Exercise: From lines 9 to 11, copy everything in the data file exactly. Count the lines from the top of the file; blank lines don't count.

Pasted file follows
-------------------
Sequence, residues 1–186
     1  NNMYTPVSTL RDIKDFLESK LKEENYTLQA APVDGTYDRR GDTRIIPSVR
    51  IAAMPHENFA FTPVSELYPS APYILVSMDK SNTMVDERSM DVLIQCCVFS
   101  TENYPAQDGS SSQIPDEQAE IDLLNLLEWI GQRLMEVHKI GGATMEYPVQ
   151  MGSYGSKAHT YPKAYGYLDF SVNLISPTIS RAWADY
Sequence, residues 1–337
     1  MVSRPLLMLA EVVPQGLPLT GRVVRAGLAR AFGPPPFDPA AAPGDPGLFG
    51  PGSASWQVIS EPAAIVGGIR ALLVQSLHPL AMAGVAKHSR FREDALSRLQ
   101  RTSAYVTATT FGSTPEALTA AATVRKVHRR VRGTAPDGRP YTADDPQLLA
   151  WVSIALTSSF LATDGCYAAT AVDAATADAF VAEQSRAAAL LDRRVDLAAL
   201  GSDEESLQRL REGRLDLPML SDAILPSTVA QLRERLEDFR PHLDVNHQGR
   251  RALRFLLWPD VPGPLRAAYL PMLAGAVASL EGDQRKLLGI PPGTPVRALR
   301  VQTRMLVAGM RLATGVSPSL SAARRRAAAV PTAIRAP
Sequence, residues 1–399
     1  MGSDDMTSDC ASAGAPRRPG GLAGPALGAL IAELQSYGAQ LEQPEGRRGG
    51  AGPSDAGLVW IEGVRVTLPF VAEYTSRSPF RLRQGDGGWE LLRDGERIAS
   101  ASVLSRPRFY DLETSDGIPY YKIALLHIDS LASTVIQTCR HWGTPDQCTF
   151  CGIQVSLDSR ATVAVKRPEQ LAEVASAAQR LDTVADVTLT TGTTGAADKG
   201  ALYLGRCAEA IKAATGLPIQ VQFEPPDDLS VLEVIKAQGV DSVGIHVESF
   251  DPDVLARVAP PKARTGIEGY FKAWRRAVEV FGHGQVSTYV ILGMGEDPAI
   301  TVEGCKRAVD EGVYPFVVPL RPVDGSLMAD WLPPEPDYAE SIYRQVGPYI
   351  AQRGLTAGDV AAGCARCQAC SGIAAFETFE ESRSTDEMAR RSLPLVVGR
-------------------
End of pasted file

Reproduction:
   101  RTSAYVTATT FGSTPEALTA AATVRKVHRR VRGTAPDGRP YTADDPQLLA
   151  WVSIALTSSF LATDGCYAAT AVDAATADAF VAEQSRAAAL LDRRVDLAAL
   201  GSDEESLQRL REGRLDLPML SDAILPSTVA QLRERLEDFR PHLDVNHQGR